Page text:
Even if we exclude all binomials described from southern Italy and Sicily, which are now generally considered synonyms for other oak names, such as Quercus apennina Lam., Q. cupaniana Guss., Q. minae Lojac., Q. sicula Borzi ex Lojac., Q. tenoreana Borzì (cf. Gussone 1844; Borzì 1905, 1911; Lojacono-Pojero 1907, 1913–15), a high number of pubescent oak species is still reported in the most recent floras and checklists. According to Brullo et al. (1999a) and Pignatti et al. (2017–2019) the Euro-Mediterranean/SE-European Q. pubescens Willd. is absent from southern Italy where it is replaced by other deciduous thermophilous oak species with a steno-Mediterranean or Euro-Mediterranean distribution, for example, Q. congesta C. Presl., Q. dalechampii Ten. Q. virgiliana (Ten.) Ten., or southern Italian endemic distribution, for example Q. leptobalana Guss. and Q. amplifolia Guss. However, these taxa are not treated in the same manner by oak taxonomists in the rest of Europe. In fact, Q. pubescens is considered as a valid binomial throughout Europe, except for Spain, where it is, for nomenclatural reasons, substituted by the name Q. humilis Mill., of which the name Q. pubescens is considered a later synonym (Amaral Franco 1990). Concerning the other taxa, some of these are accepted in many European floras and checklists (e.g. Q. congesta and Q. dalechampii), while others (e.g. Q. virgiliana) are reported in some Southeastern-European floras, and Q. amplifolia and Q. leptobalana are considered endemic to southern Italy.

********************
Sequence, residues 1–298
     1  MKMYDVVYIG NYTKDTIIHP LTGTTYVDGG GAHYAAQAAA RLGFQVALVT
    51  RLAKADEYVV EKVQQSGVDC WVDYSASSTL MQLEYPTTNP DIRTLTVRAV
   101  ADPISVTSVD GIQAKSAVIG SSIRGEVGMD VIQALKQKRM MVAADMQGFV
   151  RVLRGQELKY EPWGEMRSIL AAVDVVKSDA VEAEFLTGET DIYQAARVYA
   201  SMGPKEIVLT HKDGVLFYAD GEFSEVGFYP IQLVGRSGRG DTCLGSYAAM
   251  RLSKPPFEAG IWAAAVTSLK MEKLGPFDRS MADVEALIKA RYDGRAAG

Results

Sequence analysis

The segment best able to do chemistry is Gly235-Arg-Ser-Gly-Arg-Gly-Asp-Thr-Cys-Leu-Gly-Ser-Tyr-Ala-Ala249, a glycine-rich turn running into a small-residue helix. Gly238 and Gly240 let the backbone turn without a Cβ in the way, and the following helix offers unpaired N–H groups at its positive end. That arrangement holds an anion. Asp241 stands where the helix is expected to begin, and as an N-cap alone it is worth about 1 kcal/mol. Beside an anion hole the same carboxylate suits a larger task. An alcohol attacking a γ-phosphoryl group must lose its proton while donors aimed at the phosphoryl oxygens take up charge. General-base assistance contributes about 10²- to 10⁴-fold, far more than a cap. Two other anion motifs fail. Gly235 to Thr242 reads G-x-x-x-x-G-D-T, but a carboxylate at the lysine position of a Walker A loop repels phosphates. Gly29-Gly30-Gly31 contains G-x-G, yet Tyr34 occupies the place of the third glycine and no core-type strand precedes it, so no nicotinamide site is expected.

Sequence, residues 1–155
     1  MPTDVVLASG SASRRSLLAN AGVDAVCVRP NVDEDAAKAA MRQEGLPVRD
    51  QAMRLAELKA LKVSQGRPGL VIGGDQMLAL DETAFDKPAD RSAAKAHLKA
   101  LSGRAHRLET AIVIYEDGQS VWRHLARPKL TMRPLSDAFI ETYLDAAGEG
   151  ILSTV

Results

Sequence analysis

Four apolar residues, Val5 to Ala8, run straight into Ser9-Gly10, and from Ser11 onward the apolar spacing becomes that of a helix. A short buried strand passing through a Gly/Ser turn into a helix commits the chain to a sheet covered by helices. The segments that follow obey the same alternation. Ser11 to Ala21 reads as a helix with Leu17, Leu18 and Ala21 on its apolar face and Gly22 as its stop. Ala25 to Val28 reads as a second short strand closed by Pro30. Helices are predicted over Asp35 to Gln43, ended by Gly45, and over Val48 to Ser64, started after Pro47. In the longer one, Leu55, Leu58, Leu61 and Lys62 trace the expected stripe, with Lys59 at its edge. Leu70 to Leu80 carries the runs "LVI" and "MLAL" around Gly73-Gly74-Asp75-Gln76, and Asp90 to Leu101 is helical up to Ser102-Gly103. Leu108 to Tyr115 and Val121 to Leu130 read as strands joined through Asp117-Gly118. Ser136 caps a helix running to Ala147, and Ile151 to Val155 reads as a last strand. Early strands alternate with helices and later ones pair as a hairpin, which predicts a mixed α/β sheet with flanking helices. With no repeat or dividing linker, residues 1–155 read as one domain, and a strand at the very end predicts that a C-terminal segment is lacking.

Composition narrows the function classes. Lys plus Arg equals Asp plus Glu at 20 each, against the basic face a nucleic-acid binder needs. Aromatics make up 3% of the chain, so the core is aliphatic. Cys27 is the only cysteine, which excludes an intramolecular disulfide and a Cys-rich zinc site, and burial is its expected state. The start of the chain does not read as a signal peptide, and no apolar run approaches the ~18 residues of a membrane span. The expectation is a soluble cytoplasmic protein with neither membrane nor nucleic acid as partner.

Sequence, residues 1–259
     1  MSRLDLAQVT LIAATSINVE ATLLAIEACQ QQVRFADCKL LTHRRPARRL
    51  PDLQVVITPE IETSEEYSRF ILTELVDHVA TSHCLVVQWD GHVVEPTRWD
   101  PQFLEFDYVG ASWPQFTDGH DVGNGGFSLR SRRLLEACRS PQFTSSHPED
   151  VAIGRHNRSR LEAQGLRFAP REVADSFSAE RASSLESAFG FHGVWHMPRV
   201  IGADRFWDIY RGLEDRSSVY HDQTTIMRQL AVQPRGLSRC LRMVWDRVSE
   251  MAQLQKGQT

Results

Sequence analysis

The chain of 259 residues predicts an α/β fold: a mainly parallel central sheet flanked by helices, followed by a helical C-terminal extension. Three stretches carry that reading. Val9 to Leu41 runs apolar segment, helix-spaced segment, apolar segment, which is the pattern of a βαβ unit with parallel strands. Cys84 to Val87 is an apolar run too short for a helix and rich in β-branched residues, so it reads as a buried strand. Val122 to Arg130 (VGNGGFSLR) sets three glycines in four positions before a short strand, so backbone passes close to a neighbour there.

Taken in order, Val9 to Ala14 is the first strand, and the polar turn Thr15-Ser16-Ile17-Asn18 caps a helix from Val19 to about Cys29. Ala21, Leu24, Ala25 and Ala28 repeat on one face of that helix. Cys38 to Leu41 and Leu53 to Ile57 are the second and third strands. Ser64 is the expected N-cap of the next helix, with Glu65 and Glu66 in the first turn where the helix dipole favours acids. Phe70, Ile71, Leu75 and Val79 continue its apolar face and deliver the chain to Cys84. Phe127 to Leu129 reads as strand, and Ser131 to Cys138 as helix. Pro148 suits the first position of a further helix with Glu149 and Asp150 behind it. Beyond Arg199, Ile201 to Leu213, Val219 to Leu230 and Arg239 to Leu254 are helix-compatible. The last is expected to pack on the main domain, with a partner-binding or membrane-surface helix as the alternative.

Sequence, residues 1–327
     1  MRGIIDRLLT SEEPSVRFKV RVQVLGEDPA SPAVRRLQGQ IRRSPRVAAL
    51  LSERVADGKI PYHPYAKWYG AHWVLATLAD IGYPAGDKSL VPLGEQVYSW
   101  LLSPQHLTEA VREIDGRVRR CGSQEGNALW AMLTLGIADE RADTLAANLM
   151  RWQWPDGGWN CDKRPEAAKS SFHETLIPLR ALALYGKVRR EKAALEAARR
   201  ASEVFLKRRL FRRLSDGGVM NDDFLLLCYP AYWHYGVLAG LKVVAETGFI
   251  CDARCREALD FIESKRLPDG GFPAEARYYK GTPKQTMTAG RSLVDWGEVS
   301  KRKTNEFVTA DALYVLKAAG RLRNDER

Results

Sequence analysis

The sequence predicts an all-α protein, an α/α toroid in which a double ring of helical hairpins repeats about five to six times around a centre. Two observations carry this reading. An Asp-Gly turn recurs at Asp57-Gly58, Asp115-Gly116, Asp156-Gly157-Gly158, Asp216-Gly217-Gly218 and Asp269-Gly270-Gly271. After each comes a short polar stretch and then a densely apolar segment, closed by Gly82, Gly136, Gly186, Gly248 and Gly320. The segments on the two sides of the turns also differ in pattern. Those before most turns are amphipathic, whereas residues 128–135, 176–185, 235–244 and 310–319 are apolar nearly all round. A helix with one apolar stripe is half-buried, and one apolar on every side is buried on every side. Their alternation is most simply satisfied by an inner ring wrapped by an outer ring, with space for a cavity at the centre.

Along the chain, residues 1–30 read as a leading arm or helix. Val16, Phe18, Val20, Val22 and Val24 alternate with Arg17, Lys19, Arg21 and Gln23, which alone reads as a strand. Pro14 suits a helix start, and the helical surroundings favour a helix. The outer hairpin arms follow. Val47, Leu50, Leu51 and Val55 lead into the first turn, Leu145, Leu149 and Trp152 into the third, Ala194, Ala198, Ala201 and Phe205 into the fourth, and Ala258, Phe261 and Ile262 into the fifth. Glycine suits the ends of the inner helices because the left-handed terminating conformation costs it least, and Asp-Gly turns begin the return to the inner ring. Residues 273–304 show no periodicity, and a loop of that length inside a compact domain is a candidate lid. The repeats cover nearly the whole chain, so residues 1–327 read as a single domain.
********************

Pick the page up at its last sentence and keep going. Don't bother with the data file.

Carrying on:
In addition to the lack of agreement on the number of white oak species, there are persistent cases of ‘misinterpretation’ that destabilize the Italian and European deciduous oak classification system. A typical example is Q. dalechampii, which although unequivocally typified and definitively assigned to the pubescent oaks group (Di Pietro et al. 2012), is in some cases still classified as belonging to the Q. petraea species complex. This is evident when looking at distribution maps that mix together records of pubescent and glabrous specimens under the name Q. dalechampii (see Euro+Med 2006−2014).

Several papers aiming to establish the possible occurrence of other pubescent oak species in addition to Q. pubescens Willd. have been published in the last decade for Southern Europe. Some of them were primarily based on the analysis of morphological characters, but also involved geometric morphometric analyses (Viscosi and Fortini 2011), micro-morphological leaf traits (Scareli-Santos et al. 2007; Fortini et al. 2009; Panahi et al. 2012; Scareli-Santos et al. 2013), fractal analysis of leaf morphology (Musarella et al. 2018), and molecular data (Curtu et al. 2007a, b, 2015). As far as southern Italy is concerned, two recent papers (Di Pietro et al. 2016, 2020) analysed 24 south-eastern Italian populations of pubescent oaks from a macro-morphological and molecular standpoint.